In August, President Trump teased a future executive order concerning pre-existing conditions. (See here and here). At the time, I predicted that Trump was trying to aid the Supreme Court’s deliberations in Texas v. California. I wrote;
Ilya Shapiro and I filed the Cato Institute’s amicus brief in California v. Texas. We proposed that the Trump administration could require, by executive action, insurers on the ACA exchange to comply with guaranteed issue and community rating. But why would such an executive action be needed if the ACA is in place? Well, the ACA is currently being challenged. And perhaps one factor that could aid the Court’s deliberations would be an assurance that people with pre-existing protections could still obtain coverage on the exchanges, even if guaranteed issue and community rating (GICR) were found to be inseverable.
Here is an excerpt from our brief. Note the last emphasized sentence in Footnote 12.
The analysis for individual market, on-exchange policies is different. Hurley and Nantz are not eligible for subsidies. Declarations, supra. But they could still purchase an unsubsidized plan on the exchanges. Halting GICR with respect to policies sold on the exchanges would be an unnecessarily overbroad remedy. So long as the plaintiffs can purchase off-market non-compliant plans, or none at all, their injuries will be remedied. Plaintiffs cannot demand a greater remedy to alter all policies offered on government exchanges. Moreover, people who seek to buy a government-sponsored product on a government exchange cannot complain about cumbersome regulations. [FN 12] Courts need go no further than issue a declaration with respect to individual market, off-exchange policies. “[T]he judicial power is, fundamentally, the power to render judgments in individual cases.” Murphy, 138 S. Ct. at 1485 (Thomas, J., concurring). No more, and no less. Hurley and Nantz, meanwhile, and all those who object to being forced to purchase unwanted policies, will have other options.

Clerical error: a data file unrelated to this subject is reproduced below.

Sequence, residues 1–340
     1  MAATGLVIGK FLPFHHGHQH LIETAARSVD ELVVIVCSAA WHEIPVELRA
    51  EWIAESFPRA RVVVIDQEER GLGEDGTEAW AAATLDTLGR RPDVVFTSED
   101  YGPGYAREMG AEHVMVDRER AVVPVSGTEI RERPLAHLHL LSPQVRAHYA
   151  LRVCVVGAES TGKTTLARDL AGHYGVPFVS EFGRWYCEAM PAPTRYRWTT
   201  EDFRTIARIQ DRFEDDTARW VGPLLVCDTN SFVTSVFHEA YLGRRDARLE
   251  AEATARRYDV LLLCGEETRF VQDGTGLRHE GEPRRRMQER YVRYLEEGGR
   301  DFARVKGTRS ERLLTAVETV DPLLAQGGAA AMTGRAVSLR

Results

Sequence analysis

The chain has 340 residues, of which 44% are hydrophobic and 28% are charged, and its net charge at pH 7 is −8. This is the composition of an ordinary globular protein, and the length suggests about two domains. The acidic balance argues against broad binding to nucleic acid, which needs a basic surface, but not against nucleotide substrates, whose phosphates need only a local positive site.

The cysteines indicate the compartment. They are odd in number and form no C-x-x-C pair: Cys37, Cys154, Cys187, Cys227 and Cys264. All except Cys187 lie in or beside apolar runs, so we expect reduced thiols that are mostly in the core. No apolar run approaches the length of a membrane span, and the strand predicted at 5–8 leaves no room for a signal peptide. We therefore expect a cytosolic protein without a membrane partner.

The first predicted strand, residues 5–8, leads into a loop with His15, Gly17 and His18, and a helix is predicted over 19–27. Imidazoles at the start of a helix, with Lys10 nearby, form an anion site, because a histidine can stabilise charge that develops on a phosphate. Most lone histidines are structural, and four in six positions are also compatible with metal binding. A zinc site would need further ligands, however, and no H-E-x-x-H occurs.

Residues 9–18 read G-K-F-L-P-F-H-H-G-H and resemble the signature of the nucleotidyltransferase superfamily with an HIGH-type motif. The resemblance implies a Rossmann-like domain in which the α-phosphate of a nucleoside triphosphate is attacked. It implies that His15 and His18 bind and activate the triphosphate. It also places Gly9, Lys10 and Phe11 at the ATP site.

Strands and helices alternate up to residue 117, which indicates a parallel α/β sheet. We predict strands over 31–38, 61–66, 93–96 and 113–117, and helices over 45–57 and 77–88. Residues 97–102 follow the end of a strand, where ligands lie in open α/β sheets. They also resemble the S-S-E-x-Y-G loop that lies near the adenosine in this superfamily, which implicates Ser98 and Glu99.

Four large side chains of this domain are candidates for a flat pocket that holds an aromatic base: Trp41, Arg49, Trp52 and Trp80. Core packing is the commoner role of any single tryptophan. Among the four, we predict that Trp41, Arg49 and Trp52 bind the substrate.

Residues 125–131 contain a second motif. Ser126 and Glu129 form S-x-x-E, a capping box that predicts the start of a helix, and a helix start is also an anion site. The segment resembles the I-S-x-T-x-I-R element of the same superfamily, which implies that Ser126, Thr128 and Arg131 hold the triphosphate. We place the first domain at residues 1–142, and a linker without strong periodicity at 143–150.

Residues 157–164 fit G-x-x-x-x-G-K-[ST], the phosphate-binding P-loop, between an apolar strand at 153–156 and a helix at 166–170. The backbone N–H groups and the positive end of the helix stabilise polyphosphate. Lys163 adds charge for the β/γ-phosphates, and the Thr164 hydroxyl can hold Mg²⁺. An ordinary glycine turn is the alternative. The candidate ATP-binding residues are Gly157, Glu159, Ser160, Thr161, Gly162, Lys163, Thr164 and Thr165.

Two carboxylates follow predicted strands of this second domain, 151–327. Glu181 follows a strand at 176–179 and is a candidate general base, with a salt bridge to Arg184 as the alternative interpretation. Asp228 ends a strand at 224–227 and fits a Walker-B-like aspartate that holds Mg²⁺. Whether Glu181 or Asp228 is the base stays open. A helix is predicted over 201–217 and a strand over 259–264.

[FN12]: This narrow remedy would address concerns raised by the Federal Respondents about creating a “potentially unstable insurance market.” See Brief for the Federal Respondents at 44–45. The executive branch could also require insurance providers on the exchanges to comply with the ACA’s GICR provisions, regardless of the outcome of this litigation.